Multimodal Discourse: Gesture, Speech and Gaze
Vision Interfaces and System Laboratory
Computer Science & Engineering Department
Wright State University
Human discourse is an dynamic process of converting thoughts into speech, gesture, and gaze activity. Grounded on the psycholinguistic foundations on the production of such multimodal ‘conversational-acts’, we address the interpretation of gesture, speech, and gaze in the context of discourse management. We investigate the cues afforded by each mode of interaction and the algorithms necessary to detect and extract them; study the spatial and temporal relationships among these cues and associate them with topical units in discourse; study the interactions of gesture, speech and gaze in discourse segmentation; and a multimedia database system that integrates these elements into a coherent whole. Our approach involves experiments designed to discover and quantify cues in the various modalities, and their relation with respect to discourse management; the development of computational algorithms to detect and recognize such cues; and the integration of these cues into a cogent discourse management system.
We present psycholinguistic phenomena that are detected by our analysis. The understanding of how such phenomena are detectable from video and audio signal, and the determination of the kinds of computable cues that support such analysis are the first steps toward the bridging the signal-sense gap in multi-modal interaction. Among these are cues for semantic segmentation and organization, cross-modal temporal integration, and the significance of ‘hold tension release’.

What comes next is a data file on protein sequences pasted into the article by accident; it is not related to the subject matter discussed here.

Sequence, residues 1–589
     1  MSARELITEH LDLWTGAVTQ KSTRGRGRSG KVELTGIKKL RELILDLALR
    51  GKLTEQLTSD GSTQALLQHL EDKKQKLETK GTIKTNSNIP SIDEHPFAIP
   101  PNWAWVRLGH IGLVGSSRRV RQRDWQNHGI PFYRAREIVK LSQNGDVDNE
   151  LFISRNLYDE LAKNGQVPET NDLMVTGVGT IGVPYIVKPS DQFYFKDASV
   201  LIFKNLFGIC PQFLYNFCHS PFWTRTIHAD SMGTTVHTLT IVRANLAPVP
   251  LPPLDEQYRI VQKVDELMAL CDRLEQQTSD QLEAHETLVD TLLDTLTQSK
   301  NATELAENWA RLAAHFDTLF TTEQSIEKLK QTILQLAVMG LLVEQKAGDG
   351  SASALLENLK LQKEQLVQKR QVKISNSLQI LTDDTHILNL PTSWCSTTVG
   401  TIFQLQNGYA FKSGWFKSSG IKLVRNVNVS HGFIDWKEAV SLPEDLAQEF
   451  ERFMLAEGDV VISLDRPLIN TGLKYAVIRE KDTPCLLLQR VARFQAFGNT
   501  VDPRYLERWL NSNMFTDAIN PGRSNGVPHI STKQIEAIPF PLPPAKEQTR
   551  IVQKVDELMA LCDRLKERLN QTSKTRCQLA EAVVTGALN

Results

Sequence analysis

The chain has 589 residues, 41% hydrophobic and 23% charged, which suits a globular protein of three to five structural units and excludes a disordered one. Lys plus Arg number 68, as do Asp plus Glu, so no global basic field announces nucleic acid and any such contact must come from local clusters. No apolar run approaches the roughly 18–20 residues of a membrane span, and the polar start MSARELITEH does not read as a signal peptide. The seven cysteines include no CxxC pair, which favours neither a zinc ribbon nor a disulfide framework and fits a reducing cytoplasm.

We have assembled a strong interdisciplinary team comprising psycholinguistic, machine vision and signal processing researchers to address the holistic nature of discourse and language itself. This permits us to base our research squarely on the realities of human communication in spontaneous discourse across a wide range of pragmatic conditions. Technology is being developed that have significant impact on natural language discourse analysis, human-computer interaction systems, neuropathological studies (Parkinson’s Disease and Left/Right Hemisphere Damage) and discourse and video databases. Another significant outcome of this research is to introduce computational and quantitative rigor to the psycholinguistic study of discourse production. This represents a model of collaborative research between the fields of engineering and cognitive science.